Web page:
Developers are ready to embrace AI tools that give them productivity improvements and accelerated learning. According to a recent survey, 77% of developers have a positive attitude toward using AI in their workflows, and 70% say they are using or plan to use AI programming tools this year.
Investors also see potential in generative programming tools – especially at enterprise scale. And that enthusiasm is translating into new funding for startups like Tabnine, which today announced it has raised $25 million in a Series B funding round led by Telstra Ventures and with participation from Atlassian Ventures, Elaia, Headline, Hetz Ventures, Khosla Ventures and TPY Capital.
Dror Weiss and Eran Yahav co-founded Tabnine in 2012 with the goal of creating a platform to enable the use of generative artificial intelligence at various stages of the software development lifecycle. Yahav was and still is a professor at the Technion (Israel Institute of Technology), while Weiss is a computer science graduate of the Technion.
Among other programming tools based on its own and third-party generative AI models, Tabnine offers Tabnine Chat, a “code assistant” that writes code and answers questions about an organization’s codebase – a kind of ChatGPT for code.
Tabnine has competitors in the form of GitHub Copilot and Amazon CodeWhisperer. But Weiss says the company offers more control and personalization than competing systems, such as allowing customers to deploy their tools both on-premises and in a virtual private cloud.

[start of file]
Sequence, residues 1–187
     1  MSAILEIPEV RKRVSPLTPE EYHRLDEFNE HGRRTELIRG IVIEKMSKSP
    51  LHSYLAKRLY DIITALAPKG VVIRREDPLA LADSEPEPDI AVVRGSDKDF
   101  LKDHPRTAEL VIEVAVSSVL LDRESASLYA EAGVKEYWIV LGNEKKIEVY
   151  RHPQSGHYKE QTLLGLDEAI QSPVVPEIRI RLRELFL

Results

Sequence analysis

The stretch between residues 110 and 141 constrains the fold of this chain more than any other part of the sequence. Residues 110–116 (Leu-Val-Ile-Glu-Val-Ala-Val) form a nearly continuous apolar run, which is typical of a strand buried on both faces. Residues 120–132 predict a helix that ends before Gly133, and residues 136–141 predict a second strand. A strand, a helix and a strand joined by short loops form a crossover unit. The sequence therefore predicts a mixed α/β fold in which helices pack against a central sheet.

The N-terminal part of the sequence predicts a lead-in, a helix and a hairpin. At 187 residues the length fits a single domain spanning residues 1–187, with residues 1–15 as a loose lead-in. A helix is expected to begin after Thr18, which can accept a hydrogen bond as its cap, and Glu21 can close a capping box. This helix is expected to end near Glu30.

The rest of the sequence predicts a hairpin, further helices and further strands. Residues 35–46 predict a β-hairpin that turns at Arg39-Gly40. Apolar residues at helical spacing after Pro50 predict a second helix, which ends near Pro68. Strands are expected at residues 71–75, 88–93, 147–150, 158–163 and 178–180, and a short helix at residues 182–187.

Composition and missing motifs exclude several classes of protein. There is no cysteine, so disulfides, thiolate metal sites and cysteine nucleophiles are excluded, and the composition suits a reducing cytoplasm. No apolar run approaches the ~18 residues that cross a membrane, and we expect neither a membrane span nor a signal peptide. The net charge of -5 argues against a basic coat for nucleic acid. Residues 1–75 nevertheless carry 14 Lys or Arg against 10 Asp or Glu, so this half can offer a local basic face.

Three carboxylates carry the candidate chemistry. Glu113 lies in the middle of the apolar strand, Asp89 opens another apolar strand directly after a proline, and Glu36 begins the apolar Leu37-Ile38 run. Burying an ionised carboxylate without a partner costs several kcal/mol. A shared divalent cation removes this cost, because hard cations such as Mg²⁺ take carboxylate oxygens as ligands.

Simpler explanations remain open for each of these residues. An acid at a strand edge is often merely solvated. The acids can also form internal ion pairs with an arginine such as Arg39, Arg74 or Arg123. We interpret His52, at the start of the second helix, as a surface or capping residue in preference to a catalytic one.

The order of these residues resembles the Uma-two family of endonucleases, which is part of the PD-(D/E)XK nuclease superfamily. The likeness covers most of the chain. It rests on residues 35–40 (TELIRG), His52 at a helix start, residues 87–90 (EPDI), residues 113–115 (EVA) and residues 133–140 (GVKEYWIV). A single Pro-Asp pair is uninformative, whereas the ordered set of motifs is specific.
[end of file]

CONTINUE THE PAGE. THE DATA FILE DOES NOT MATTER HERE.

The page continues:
“Our flexible architecture allows us to change code-generative AI models relatively easily and thus not compete with the big generative model vendors,” Weiss told TechCrunch. “This is how we ensure we are protected for the future when new models from other vendors emerge as AI evolves. Tabnine can provide those models to developers wherever they write code.”
Weiss also argues that Tabnine is less legally risky than its competitors – at least from a commercial standpoint.
A class action lawsuit is currently pending against Microsoft, GitHub and OpenAI accusing them of violating intellectual property law because Copilot, trained on billions of public code samples from the Internet, some of which were created under a restrictive license, reproduces sections of copyrighted code without attribution. Some legal experts believe that AI like Copilot could put companies at risk if they unwittingly incorporate copyrighted sentences into their off-the-shelf software.
Tabnine, Weiss notes, exclusively uses AI models trained on code with permissive licenses, or works with clients to train them on their own codebases.
“We use a curated dataset and know what went into it, so we have much better control and security,” Weiss says. “This is also the basis for our customers to use private models that are trained on their own code and run in their own virtual private clouds and data centers.”
Tabnine’s approach seems to be working for it, which is all the more impressive in light of the collapse of one of its competitors, Kite, late last year. Tabnine claims to have more than a million users and 10,000 customers, which, while falling short of Copilot’s million paying users and 37,000 enterprise customers, is still a pretty solid user base.
Weiss said the Series B funds, which ultimately increased Tabnine’s total funds raised to $55 million, will be used to expand Tabnine’s generative programming capabilities and further develop its sales and global support team. Tabnine expects to end the year with a staff of 150 employees, up from about 60 today.
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